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E.l.f. Cosmetics quietly opened its first retail flagship in New York’s Greenwich Village last week. A grand opening of the 1,200-square-foot space is planned for May 22.

This story first appeared in the April 26, 2013 issue of WWD. Subscribe Today.

It didn’t take fanfare to lure consumers to the unit. A highly trafficked neighborhood coupled with word of mouth on E.l.f.’s social media vehicles contributed to opening volume that has been above expectations, according to Joey Shamah, E.l.f.’s chief executive officer.

E.l.f.’s portfolio is now sold online, in retail partner stores and the branded store, which is believed to be the first mass value retail door in the industry. L’Oréal operates stores but prefers to use them as experimental laboratories for concepts to roll out to chains.

Industry sources estimate the boutique will achieve first-year sales exceeding $2 million. Two more stores are planned prior to the end of the year, said Shamah who added New Jersey is on E.l.f.’s expansion bucket list. E.l.f.’s total revenues are estimated to topple the $150 million mark.

E.l.f. is borrowing a page from prestige companies such as MAC Cosmetics, Bare Escentuals, Aveda and Origins, which sell products in vertically integrated stores. Shamah isn’t concerned retail partners will feel E.l.f. stores compete with their offer but thinks that they will actually benefit from what E.l.f. learns in its own environment. E.l.f. is rapidly expanding in major chains such as Walgreens, Wal-Mart and Target.

In particular, E.l.f. hopes to continue its strategy of trading consumers up to its Studio collection, priced between $3 to $6, which accounts for most of the merchandise in the store. E.l.f.’s portfolio also includes Essentials, the entry line at $1 to $2, and Minerals, priced from $3 to $8. The flagship offers about 550 stockkeeping units out of E.l.f.’s total lineup of 1,000 items.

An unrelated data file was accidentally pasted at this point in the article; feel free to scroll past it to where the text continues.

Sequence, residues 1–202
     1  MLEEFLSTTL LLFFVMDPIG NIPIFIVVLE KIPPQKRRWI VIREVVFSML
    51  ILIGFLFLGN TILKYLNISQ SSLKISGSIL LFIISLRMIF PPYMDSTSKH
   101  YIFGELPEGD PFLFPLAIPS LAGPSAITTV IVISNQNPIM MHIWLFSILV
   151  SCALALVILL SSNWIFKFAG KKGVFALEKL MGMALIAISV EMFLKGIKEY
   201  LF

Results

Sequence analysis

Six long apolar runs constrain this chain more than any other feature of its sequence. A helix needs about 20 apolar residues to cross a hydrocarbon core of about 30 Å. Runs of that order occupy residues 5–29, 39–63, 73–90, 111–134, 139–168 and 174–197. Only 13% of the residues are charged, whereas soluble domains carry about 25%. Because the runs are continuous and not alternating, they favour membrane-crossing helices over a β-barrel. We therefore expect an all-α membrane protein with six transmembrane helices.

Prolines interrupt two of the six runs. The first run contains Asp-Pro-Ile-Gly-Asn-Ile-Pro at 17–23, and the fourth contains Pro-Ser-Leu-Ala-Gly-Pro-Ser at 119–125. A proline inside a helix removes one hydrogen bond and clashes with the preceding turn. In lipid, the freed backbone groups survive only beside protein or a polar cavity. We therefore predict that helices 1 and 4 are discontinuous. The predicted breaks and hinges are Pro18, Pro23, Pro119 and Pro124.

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“We can bring our online experience to a store where women can touch and interact with the products,” said Shamah. “It also differentiates us from the other companies in mass.”

The store sports gleaming white fixtures allowing the merchandise to pop off the shelf. There are testers for all products, which Shamah said are cleaned frequently and changed out to keep them fresh.

Ten large television screens reinforce E.l.f.’s online messages with makeup artist how-tos and editorial coverage. Free makeup lessons by professional makeup artists as well as complimentary makeovers are offered in the store. “We are getting great response and many people are booking appointments,” said Marianne Moreno, corporate retail liaison at the store.

Shoppers can sign up for appointments online and place orders for in-store pickup as well. Currently, the store is open 10:30 a.m. to 8:30 p.m. Monday through Saturday and 11 a.m. to 6 p.m. on Sunday.

Many of those entering the store appeared to know the E.l.f. brand, but there were also tourists and New York University students venturing in to check it out. Some compared the value pricing to purchases recently made at a nearby MAC Cosmetics store.

With customers flocking to the store, E.l.f. has made some early tweaks such as planning bigger shopping baskets. “Yes that’s needed,” said one customer with her hands full of purchases at the checkout.”